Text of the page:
Anal Cancer: Tests After Diagnosis
What tests might I have after being diagnosed?
After a diagnosis of anal cancer, you’ll likely have other tests. These tests help your healthcare providers learn more about your cancer. They can help show if the cancer has grown into nearby areas or spread to other parts of your body. The test results help your healthcare providers decide the best ways to treat your cancer. If you have any questions about these or other tests, talk with your healthcare team.
The tests you may have can include:
Pelvic computed tomography CT scan
Pelvic magnetic resonance imaging (MRI) scan
Chest X-ray or chest CT scan
Positron emission tomography (PET) scan
This test can help healthcare providers find out if the cancer has spread around the anal area or to lymph glands in your pelvis.It can also see how big the tumor is and how deep the cancer has grown into the wall of the anus. Ultrasound uses sound waves to look inside your body. The waves are emitted from a probe inserted into your rectum. The sound waves bounce off body parts and send back signals, like sonar on a submarine. A computer then receives the signals and creates an image of the inside of your body. This test is rarely used for anal cancer.
Pelvic CT scan
This test can help tell if the anal cancer has spread into your liver or other organs. A CT scanner takes many X-rays as you slide through it on a table. A computer combines these images to create detailed pictures.A CT scan is sometimes used to help guide the needle when doing a biopsy. This involves taking out a small piece of tissue to check for cancer cells. You may need to drink a special X-ray dye, or contrast medium, just before the scan. Or the dye may be injected into a vein through an intravenous (IV) line in your arm or hand. The dye helps images show up more clearly on the X-rays. The dye may cause a warm feeling in your face or chest. Tell the healthcare provider if you’re allergic to or have had a reaction to the dye.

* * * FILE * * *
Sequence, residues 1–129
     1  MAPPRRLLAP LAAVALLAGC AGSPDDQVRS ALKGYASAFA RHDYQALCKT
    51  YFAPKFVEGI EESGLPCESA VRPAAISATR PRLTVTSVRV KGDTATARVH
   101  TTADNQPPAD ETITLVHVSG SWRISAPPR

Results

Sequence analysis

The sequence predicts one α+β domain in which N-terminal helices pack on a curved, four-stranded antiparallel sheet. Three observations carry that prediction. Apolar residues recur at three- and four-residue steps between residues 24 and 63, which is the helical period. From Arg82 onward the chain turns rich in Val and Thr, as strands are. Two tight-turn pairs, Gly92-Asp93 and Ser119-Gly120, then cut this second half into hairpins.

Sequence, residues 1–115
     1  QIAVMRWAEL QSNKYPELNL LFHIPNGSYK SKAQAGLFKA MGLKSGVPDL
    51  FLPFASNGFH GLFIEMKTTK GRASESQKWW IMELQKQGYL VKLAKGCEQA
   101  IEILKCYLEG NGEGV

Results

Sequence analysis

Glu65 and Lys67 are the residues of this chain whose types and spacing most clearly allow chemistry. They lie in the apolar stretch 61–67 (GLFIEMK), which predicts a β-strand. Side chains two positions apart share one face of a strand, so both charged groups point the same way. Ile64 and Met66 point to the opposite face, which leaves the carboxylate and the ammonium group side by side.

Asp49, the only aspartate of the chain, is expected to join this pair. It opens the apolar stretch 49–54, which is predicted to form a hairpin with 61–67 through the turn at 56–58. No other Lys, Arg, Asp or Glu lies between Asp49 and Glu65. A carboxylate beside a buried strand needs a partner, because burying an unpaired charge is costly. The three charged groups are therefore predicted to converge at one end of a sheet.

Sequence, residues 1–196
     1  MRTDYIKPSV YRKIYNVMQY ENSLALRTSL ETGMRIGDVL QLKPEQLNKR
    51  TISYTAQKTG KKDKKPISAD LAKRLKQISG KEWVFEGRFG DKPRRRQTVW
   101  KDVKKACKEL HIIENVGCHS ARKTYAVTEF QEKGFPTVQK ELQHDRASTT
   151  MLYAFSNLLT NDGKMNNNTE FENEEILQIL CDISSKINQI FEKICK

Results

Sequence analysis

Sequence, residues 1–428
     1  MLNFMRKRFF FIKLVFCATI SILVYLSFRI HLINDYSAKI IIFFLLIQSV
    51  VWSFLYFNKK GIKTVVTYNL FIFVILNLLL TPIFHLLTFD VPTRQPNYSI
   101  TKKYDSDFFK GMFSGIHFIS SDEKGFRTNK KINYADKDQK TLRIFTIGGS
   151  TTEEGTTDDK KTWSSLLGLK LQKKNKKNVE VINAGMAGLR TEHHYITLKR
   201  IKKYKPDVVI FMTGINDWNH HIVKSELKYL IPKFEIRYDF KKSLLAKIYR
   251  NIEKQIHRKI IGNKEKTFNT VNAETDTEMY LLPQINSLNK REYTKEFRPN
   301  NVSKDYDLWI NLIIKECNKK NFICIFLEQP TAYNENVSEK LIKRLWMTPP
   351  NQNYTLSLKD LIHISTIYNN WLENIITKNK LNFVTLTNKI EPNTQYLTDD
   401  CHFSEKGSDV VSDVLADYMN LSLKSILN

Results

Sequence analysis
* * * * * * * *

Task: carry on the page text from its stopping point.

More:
MRIs can show more detail than other X-rays. They can also help your healthcare provider figure out the location, size, and stage (extent) of the cancer. They can also tell if it’s spread to nearby tissues. MRIs use radio waves and magnets. The energy from the radio waves makes patterns formed by different types of tissue and diseases. This creates cross-sectional pictures that look like slices of the body.
Chest X-ray or chest CT scan
You may have one of these tests to see whether the cancer has spread to your lungs.
The PET scan shows tissues actively using glucose. Glucose use is a sign of increased metabolic activity. It’s seen in quickly dividing cells, such as anal cancer cells. For this test, your healthcare provider injects you with a small amount of radioactive glucose. Then, you lie still on a table that is pushed into the PET scanner. It rotates around you, detecting the radioactivity. This is converted into a picture of your whole body, showing "hot spots" where a lot of radioactivity was detected. This test is often used along with a CT scan. This is called a PET/CT scan.
Working with your healthcare provider
Your healthcare provider will talk with you about which tests you'll have. Make sure to get ready for the tests as instructed. Ask questions and talk about any concerns you have.